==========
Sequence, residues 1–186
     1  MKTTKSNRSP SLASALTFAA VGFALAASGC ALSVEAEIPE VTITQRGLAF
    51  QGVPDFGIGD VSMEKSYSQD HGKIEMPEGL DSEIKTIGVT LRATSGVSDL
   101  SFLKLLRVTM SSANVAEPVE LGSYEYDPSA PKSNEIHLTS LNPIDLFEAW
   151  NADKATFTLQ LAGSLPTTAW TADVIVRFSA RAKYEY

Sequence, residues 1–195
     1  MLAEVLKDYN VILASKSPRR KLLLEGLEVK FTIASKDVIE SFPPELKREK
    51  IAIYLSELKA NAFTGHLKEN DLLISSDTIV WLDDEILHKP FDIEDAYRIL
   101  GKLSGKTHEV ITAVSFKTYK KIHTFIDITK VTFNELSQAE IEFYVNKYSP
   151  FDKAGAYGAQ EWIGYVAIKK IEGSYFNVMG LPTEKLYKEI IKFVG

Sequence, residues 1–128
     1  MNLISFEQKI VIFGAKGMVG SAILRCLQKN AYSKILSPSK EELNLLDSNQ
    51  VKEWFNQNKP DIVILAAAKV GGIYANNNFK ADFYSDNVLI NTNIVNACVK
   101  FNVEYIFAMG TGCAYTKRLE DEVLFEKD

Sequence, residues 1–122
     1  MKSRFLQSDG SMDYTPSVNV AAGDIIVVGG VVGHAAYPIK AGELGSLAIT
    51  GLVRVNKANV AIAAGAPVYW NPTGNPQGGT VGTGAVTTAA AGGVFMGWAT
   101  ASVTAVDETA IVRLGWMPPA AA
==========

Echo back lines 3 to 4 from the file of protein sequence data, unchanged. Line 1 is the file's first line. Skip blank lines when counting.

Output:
    51  QGVPDFGIGD VSMEKSYSQD HGKIEMPEGL DSEIKTIGVT LRATSGVSDL
   101  SFLKLLRVTM SSANVAEPVE LGSYEYDPSA PKSNEIHLTS LNPIDLFEAW